Infant formula maker Abbott reopens Michigan plant due to shortage

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(STURGIS, Michigan) – Abbott Nutrition’s infant formula plant in Michigan has officially reopened and restarted production after closing nearly four months ago.

Hundreds of workers returned to work on Saturday morning for the first time since the Sturgis plant closed due to contamination concerns in February following the discovery of deadly bacteria inside.

The closure and a voluntary recall were among several factors contributing to a nationwide formula shortage crisis.

It will still take about six to eight weeks before the Sturgis plant returns to full capacity, Abbott says, and products return to shelves with a real impact on families.

“We understand the urgent need for infant formula, and our top priority is getting safe, high-quality formulas into the hands of families across America,” said the company, one of the largest formula makers. for infants in the United States, in a press release. “We will ramp up production as quickly as possible while meeting all requirements. We are committed to safety and quality and will do everything in our power to regain the trust that parents, caregivers and health care providers have given us for 130 years.

The factory’s reopening comes nearly three weeks after reaching an agreement with the US Food and Drug Administration on a plan to reopen safely.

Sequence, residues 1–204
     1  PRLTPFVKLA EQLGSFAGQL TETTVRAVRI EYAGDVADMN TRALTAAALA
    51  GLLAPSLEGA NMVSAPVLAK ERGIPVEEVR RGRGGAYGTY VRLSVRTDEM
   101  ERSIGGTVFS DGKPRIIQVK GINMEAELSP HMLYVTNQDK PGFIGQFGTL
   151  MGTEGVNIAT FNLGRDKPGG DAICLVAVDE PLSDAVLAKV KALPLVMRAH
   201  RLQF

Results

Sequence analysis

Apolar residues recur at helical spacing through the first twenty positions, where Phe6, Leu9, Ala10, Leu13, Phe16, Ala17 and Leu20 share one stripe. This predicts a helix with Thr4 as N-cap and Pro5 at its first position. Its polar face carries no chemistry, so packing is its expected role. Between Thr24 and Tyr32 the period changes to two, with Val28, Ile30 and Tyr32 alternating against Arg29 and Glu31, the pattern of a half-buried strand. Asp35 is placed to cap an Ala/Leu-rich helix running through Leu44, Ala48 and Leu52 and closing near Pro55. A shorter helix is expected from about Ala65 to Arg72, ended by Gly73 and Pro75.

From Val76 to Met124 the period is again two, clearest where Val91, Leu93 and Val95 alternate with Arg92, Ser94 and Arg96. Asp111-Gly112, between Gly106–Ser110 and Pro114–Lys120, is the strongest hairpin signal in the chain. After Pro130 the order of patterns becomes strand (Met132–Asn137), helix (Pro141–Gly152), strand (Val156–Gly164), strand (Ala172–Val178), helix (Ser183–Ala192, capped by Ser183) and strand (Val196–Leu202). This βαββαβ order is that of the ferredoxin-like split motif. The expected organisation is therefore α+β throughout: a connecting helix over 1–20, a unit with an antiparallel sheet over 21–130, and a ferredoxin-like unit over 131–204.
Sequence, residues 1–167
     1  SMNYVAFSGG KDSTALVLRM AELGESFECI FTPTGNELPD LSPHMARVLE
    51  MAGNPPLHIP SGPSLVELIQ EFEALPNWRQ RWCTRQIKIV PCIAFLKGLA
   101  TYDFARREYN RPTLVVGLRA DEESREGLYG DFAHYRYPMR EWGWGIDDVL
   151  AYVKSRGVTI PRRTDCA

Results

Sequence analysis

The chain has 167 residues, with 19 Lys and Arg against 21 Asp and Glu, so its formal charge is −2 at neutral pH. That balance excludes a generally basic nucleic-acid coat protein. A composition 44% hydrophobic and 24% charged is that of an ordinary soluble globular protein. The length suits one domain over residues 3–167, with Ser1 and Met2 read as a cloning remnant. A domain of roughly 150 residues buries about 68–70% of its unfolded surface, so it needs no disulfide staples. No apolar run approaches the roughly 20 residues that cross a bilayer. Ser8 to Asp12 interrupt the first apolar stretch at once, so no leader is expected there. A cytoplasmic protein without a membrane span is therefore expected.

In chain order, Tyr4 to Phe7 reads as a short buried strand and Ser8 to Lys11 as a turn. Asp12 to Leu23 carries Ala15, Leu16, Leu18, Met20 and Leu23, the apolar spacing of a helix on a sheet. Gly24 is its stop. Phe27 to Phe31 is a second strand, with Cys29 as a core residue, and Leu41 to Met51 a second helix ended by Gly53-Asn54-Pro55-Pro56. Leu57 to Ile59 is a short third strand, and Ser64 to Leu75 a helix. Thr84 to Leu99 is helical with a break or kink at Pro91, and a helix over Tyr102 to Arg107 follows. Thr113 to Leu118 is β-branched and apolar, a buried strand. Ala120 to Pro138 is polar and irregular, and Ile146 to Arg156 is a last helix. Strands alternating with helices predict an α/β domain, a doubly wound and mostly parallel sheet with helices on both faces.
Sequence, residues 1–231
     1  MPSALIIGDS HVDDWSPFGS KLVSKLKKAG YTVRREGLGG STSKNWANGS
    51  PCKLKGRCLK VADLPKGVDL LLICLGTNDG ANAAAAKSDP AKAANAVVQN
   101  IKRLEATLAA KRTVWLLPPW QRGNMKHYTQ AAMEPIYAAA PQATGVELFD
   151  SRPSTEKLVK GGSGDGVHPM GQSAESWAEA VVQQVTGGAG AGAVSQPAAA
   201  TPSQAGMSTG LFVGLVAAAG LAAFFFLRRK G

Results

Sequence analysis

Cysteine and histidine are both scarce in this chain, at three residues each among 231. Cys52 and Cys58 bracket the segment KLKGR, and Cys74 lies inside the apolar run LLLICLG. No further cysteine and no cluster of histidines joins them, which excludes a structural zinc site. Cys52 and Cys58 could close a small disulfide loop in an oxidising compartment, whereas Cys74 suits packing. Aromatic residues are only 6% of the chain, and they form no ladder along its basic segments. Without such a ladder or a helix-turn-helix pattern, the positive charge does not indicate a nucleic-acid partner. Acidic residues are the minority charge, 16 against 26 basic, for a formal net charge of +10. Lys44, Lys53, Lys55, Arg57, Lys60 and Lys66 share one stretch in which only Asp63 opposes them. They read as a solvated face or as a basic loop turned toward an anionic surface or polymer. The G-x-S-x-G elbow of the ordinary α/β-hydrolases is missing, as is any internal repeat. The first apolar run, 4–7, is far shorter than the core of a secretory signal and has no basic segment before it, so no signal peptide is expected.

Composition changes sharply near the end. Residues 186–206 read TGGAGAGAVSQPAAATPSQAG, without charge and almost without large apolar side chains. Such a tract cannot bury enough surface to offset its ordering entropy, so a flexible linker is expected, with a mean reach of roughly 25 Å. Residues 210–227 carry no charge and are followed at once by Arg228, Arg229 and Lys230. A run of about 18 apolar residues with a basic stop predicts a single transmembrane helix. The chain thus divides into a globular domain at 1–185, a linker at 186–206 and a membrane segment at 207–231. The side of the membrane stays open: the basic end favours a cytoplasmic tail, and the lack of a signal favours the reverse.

Abbott said it would first prioritize production of its specialty and metabolic formulas, such as its hypoallergenic EleCare, because these formulas are especially critical for medically vulnerable babies who cannot switch brands as easily.

The company said it plans to begin shipping select EleCare products “on or around June 20,” adding that it is “working hard to follow the steps necessary to restart production of Similac and other formulas and will do so as soon as possible”.

Last month, Abbott CEO Robert Ford expressed remorse over his company’s role in the national shortage in an op-ed in The Washington Post.

“The past few months have affected us as they have affected you, and so I want to say: We are sorry to all the families we have abandoned since our voluntary recall exacerbated the shortage of baby formula in our country,” Ford wrote. . “I have high expectations of this company and we haven’t delivered.”

As families wait for the formula to hit shelves, Ford announced in its op-ed that Abbott is creating a $5 million fund “to help these families with medical and living expenses while they are weathering this storm”.

Amid the shortage, the White House has also scrambled to import formula from overseas as part of President Joe Biden’s “Operation Fly Formula.” A third round of infant formula shipments are expected to arrive on U.S. shores via United Airlines starting next Thursday, administration officials said.

Biden also invoked the Defense Production Act last month to help speed up formula production in the United States.

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